JAPAN | Indonesia cautious about nuclear option after Fukushima crisis

Posted on June 18, 2011

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JAPAN | MAINICHI | June 18, 2011

TOKYO (Kyodo) — Visiting Indonesian President Susilo Bambang Yudhoyono expressed strong reservations on Friday about proceeding with plans to build nuclear power plants in his earthquake- and tsunami-prone country, following Japan’s nuclear disaster triggered by a magnitude 9.0 quake and tsunami.

Indonesian President Susilo Bambang Yudhoyono, left, is welcomed by Japanese Prime Minister Naoto Kan prior to their talks at Kan's official residence in Tokyo Friday, June 17, 2011. Yudhoyono is currently on a three-day visit to Japan. (AP Photo/Franck Robichon, Pool)

“If we could build energy sources other than a nuclear energy plant, we will choose those kinds of energy sources,” Yudhoyono said in an interview with Kyodo News in Tokyo, adding that nuclear power is “very much debatable” and that safety must be ensured before going ahead.

The remarks came as Indonesia has been considering building nuclear power plants to meet growing power demand due to the country’s rapid economic growth, with plans to start operating the first plant in 2019.

Yudhoyono’s stance suggests, however, that Indonesia is unlikely to start building a nuclear power plant during his second term in office, which runs through October 2014, amid protests from local people and green activists over the project.

Speaking with Kyodo reporters on the second day of his three-day visit to Japan ahead of his talks with Prime Minister Naoto Kan, Yudhoyono said, “What happened in Japan last March can happen in Indonesia because (the two countries’) geography is very much similar.”

He suggested that in pursuing its best energy mix, the world’s most populous Muslim country is willing to consider alternative sources of energy, such as geothermal, solar and hydroelectric power, while moving to limit the use of oil and coal as energy sources in the long run.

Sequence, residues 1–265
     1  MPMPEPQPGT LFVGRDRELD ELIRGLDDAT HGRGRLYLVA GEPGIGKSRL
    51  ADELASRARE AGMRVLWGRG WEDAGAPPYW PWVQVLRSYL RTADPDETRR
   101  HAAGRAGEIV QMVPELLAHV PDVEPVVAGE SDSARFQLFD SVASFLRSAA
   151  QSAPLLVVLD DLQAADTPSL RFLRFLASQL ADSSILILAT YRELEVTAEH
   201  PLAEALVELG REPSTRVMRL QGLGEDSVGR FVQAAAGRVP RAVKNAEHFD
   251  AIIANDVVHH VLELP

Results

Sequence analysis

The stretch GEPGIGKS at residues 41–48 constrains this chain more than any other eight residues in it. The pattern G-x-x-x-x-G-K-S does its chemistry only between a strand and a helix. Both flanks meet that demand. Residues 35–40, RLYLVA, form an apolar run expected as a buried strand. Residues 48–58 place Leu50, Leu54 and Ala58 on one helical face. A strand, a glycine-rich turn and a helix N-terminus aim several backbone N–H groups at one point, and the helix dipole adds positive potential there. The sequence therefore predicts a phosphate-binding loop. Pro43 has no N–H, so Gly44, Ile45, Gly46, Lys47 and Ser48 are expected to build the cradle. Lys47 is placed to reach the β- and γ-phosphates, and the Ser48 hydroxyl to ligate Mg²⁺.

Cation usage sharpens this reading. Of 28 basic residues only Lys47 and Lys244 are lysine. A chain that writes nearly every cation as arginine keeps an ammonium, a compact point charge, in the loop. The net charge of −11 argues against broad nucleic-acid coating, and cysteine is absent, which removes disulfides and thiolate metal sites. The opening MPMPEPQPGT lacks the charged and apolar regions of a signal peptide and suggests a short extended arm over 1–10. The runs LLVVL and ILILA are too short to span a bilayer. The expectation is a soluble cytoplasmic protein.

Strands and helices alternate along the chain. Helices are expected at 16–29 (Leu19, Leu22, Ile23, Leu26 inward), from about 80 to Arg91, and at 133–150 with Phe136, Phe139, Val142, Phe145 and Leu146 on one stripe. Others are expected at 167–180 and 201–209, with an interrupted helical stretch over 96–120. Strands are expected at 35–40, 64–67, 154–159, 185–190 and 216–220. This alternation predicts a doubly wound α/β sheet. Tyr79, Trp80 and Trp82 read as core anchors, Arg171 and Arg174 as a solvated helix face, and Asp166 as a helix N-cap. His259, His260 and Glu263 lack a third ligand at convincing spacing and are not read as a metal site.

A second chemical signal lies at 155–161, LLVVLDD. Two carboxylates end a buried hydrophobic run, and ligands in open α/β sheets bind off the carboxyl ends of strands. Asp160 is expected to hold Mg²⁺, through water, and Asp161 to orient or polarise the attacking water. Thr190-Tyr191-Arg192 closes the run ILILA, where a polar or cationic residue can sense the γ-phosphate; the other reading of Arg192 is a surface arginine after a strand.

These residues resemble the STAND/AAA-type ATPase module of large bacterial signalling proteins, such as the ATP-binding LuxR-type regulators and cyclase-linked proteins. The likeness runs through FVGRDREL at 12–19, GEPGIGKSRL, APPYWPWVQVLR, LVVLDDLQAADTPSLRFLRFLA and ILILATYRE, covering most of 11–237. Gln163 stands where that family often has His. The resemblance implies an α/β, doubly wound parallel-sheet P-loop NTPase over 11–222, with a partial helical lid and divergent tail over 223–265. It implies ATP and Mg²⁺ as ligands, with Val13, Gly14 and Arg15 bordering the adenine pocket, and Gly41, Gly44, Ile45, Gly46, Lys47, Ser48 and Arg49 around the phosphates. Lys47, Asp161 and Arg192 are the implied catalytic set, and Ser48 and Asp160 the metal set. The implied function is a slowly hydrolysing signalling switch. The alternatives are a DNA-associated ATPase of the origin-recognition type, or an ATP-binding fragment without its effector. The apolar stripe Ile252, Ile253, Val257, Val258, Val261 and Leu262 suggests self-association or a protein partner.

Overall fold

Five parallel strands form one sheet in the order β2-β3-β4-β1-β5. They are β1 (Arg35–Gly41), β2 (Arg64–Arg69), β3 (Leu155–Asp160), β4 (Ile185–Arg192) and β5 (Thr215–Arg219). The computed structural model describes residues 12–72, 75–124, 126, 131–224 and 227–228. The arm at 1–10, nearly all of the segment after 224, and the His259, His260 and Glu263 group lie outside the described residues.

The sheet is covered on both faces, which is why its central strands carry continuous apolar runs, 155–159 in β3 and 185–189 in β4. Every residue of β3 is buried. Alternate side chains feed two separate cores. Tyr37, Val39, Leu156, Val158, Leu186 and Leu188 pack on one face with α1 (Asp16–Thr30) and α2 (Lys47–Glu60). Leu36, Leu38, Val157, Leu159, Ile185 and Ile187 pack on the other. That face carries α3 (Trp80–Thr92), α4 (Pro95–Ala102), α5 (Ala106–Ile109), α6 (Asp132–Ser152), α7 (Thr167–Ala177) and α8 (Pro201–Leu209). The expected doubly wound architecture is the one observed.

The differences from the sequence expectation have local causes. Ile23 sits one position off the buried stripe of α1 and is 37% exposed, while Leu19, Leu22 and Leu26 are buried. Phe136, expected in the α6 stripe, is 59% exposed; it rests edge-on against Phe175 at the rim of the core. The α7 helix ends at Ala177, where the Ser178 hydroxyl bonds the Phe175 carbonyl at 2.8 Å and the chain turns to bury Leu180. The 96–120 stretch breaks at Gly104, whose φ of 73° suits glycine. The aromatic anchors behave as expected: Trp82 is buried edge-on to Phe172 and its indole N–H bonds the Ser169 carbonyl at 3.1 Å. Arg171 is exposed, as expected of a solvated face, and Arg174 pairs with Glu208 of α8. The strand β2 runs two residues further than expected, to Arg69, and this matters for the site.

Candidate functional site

In deciding on whether to build a nuclear power plant, Yudhoyono said his government will thoroughly consider “all factors,” including the degree to which the Indonesian public supports the move, saying, “It’s important that people should accept and support the idea of building a nuclear energy plant.”

The 2004 Indian Ocean tsunami, which was triggered by a magnitude 9.1 quake off the Indonesian island of Sumatra, claimed the lives of more than 160,000 people in the Aceh Province of the island. The ongoing nuclear crisis involving the Fukushima Daiichi power plant has prompted antinuclear protests among islanders.

On the territorial dispute over a group of islets in the South China Sea, Yudhoyono, whose country chairs the Association of Southeast Asian Nations this year, urged China and member countries involved not to escalate the tension over it.

Yudhoyono said the East Asia Summit in Bali in November, where the leaders of most stakeholders in the region come together, aims to foster “regional goodness” and that any problems that arise in the region must be solved peacefully.

He added that political and security dialogues may be held during the summit to address regional disputes in general, including one over the Spratly Islands in the South China Sea.

“I’m hoping as chair and host of the East Asian Summit, everybody will be part of that endeavor and not escalate the tension,” he said, adding that he hopes the countries will show willingness to cooperate with one another “properly and wisely.”

This year’s summit will draw leaders from such countries as the United States, Russia, China, Japan, South Korea, Australia and India as well as ASEAN member states.

With both Japan and Indonesia experiencing tsunami disasters, Yudhoyono also noted the need to mobilize every resource available in those crises, such as the military, the police and citizenry, saying that it is important to “think outside the box” when urgency is needed the most.

The Indonesian president is scheduled to visit on Saturday Kesennuma in Miyagi Prefecture, a city devastated by the March 11 tsunami, to meet with those affected by the disaster.

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